The same might've been true for a smartwatch. Had Samsung hit a home run with its Galaxy Gear, it would've been yet another area where Apple was seen to be falling behind. With Samsung's device coming up short, it leaves the door open for Apple to make its smartwatch the first "must-have" device in the category.

Samsung's blown opportunity
Samsung had a real opportunity with the Galaxy Gear. If it had released a solid product, it could've cemented its control of Google's Android, while making Apple's (likely upcoming) watch look like a me-too product. As it stands, it appears to have released a lackluster device, one that few will buy and many seem to be returning.

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  • Report this Comment On October 29, 2013, at 6:27 PM, petergreyhill wrote:

    another damage control blowie for apple and cook, nice job - funny how american bloggers love to "pan" samsung's innovative products, and the speed with which they are released.....with the same ignorant american blogger/reviewer mentality and low iq - asian consumers love samsung and lg products because samsung and lg deliver enormous value in each and every product release. if the asian consumers don't like the first release, the product / features is / are adjusted to meet consumer demands, unlike your favored puff toy apple who could care less what their customers think.

    apple is becoming more irrelevant every day they lose market share to samsung and the other asian competitors, this is playing out now in real time as we see cook losing market share and fiddling with fringe issues, or financial gimmickry to save some face. he is obviously not suited to run steve job's profit based model because he is an old school revenue guy, and as far as "supply chain" genius well look at the incredible mistakes he has made.

    why wouldn't cook, in all his genius just give one little think to his loyal customers and investors, a full HD five inch display ? how hard can that be ? how long should that take ?

    Icahn is correct, cook is old and out of touch, he should be fired along with the entire apple board of directors.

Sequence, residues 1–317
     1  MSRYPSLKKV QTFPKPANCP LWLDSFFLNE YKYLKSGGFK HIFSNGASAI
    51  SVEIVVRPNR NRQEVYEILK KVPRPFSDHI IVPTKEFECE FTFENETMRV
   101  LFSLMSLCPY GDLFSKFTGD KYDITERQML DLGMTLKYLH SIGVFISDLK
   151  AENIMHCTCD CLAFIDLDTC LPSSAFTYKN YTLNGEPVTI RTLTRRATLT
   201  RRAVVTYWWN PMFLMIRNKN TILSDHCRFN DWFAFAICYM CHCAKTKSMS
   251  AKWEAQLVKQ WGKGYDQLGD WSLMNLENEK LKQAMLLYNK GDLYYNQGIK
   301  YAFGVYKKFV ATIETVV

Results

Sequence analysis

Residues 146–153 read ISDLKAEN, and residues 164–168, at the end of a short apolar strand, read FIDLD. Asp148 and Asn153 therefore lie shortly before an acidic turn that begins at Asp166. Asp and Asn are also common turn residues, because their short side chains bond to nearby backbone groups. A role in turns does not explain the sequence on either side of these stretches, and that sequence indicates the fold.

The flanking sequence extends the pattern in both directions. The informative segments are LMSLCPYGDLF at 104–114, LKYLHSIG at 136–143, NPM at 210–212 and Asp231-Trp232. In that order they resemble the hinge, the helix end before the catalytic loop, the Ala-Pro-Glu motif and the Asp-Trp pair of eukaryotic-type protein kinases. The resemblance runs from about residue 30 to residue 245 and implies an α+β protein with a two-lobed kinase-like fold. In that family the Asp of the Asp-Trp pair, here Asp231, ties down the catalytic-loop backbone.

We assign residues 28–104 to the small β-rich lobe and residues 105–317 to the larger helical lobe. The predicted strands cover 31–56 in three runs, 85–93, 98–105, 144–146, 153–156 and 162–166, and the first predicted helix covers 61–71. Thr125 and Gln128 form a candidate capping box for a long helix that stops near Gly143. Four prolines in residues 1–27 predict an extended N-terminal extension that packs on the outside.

• Report this Comment On October 29, 2013, at 7:31 PM, webguy76 wrote:

    Is there any way that I can hide these articles from Yahoo? The Motley Fool is the biggest waste of my time that I can think of. You "writers" are hanging on to what Apple was in 2010 so bad that it is sad. Why not write about Sony in the 80's and 90's? How about IBM and Atari in the early 80's? This is the business life-cylce and it goes something like this: Company develops product that no one else has, everyone jumps on board, other companies develop a competitive product, company rests on laurels, company gets passed, 15 years later are irrelevant. Apple is washed up and is a has been company. Even my die-hard Apple friends aren't impressed with the new products. Get over it, jump on the Samsung bandwagon for a couple of years until they are passed up...

  • Report this Comment On October 29, 2013, at 7:38 PM, drinkglory wrote:

    I have the note 3 and the gear and am very satisfied with both. The Note is the tablet pc and pocket pc x 100. It is nice to have all these features and no lag! Multitasking at its best! The watch is something I never thought I would wear again. I enjoy wearing it everyday! Techie dream come true!

  • Report this Comment On October 29, 2013, at 8:25 PM, HiramWalker wrote:

    Samsung. So bad they have to pay people to write positive comments about them, and negative comments about their competition. Plus the world's largest ad budget to get the the easily swayed to buy their products... once.

  • Report this Comment On October 30, 2013, at 12:16 AM, Dethklok wrote:

    Nice copy and paste article from every other site.

    Btw, the Note 3 is no longer the only capable device. My GS4 is now fully compatible at this very moment. The updates are rolling out.